[('I', 'am', 'aware', 'that'), ('am', 'aware', 'that', 'nltk'), ('aware', 'that', 'nltk', 'only'), ('that', 'nltk', 'only', 'offers'), ('nltk', 'only', 'offers', 'bigrams'), ('only', 'offers', 'bigrams', 'and'), ('offers', 'bigrams', 'and', 'trigrams'), ('bigrams', 'and', 'trigrams', ','), ('and', 'trigrams', ',', 'but'), ('trigrams', ',', 'but', 'is'), (',', 'but', 'is', 'there'), ('but', 'is', 'there', 'a'), ('is', 'there', 'a', 'way'), ('there', 'a', 'way', 'to'), ('a', 'way', 'to', 'split'), ('way', 'to', 'split', 'my'), ('to', 'split', 'my', 'text'), ('split', 'my', 'text', 'in'), ('my', 'text', 'in', 'four-grams'), ('text', 'in', 'four-grams', ','), ('in', 'four-grams', ',', 'five-grams'), ('four-grams', ',', 'five-grams', 'or'), (',', 'five-grams', 'or', 'even'), ('five-grams', 'or', 'even', 'hundred-grams')]``````

here is another simple way for do n-grams

``````>>> from nltk.util import ngrams
>>> text = "I am aware that nltk only offers bigrams and trigrams, but is there a way to split my text in four-grams, five-grams or even hundred-grams"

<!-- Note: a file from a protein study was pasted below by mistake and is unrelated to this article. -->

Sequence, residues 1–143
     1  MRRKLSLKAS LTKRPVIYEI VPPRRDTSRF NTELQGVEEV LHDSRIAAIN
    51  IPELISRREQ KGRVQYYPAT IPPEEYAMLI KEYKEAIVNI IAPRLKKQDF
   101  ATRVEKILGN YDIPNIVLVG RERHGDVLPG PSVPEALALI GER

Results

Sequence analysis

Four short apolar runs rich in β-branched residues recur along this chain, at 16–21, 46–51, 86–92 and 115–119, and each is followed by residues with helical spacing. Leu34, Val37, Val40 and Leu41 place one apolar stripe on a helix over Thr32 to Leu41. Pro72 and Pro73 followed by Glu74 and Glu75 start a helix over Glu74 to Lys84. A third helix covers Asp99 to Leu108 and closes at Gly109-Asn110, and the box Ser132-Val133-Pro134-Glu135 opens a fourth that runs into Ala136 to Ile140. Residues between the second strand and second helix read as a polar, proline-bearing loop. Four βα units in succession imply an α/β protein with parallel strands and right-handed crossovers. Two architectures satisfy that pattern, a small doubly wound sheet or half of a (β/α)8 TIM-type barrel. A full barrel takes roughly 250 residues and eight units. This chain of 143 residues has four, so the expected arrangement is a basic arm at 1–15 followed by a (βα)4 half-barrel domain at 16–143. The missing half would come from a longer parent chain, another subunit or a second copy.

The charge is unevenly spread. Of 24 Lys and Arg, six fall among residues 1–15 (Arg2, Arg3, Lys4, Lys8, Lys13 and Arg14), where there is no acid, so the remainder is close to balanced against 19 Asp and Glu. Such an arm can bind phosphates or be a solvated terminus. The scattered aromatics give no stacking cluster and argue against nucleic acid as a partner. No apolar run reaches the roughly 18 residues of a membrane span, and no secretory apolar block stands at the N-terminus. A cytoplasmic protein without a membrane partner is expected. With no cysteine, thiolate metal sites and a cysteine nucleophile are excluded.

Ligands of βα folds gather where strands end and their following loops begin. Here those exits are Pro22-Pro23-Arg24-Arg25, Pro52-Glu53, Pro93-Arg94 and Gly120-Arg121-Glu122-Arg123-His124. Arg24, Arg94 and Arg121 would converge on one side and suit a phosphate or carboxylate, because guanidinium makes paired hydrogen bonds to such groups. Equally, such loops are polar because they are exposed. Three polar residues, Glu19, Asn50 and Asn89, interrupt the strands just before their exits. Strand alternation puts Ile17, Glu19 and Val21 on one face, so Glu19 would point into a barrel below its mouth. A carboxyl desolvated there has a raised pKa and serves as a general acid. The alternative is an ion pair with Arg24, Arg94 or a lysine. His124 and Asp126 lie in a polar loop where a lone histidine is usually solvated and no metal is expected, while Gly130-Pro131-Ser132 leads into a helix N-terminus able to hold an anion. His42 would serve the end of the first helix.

>>> tokenize = nltk.word_tokenize(text)
>>> tokenize
['I', 'am', 'aware', 'that', 'nltk', 'only', 'offers', 'bigrams', 'and', 'trigrams', ',', 'but', 'is', 'there', 'a', 'way', 'to', 'split', 'my', 'text', 'in', 'four-grams', ',', 'five-grams', 'or', 'even', 'hundred-grams']
>>> bigrams = ngrams(tokenize,2)
>>> bigrams
[('I', 'am'), ('am', 'aware'), ('aware', 'that'), ('that', 'nltk'), ('nltk', 'only'), ('only', 'offers'), ('offers', 'bigrams'), ('bigrams', 'and'), ('and', 'trigrams'), ('trigrams', ','), (',', 'but'), ('but', 'is'), ('is', 'there'), ('there', 'a'), ('a', 'way'), ('way', 'to'), ('to', 'split'), ('split', 'my'), ('my', 'text'), ('text', 'in'), ('in', 'four-grams'), ('four-grams', ','), (',', 'five-grams'), ('five-grams', 'or'), ('or', 'even'), ('even', 'hundred-grams')]
>>> trigrams=ngrams(tokenize,3)
>>> trigrams
[('I', 'am', 'aware'), ('am', 'aware', 'that'), ('aware', 'that', 'nltk'), ('that', 'nltk', 'only'), ('nltk', 'only', 'offers'), ('only', 'offers', 'bigrams'), ('offers', 'bigrams', 'and'), ('bigrams', 'and', 'trigrams'), ('and', 'trigrams', ','), ('trigrams', ',', 'but'), (',', 'but', 'is'), ('but', 'is', 'there'), ('is', 'there', 'a'), ('there', 'a', 'way'), ('a', 'way', 'to'), ('way', 'to', 'split'), ('to', 'split', 'my'), ('split', 'my', 'text'), ('my', 'text', 'in'), ('text', 'in', 'four-grams'), ('in', 'four-grams', ','), ('four-grams', ',', 'five-grams'), (',', 'five-grams', 'or'), ('five-grams', 'or', 'even'), ('or', 'even', 'hundred-grams')]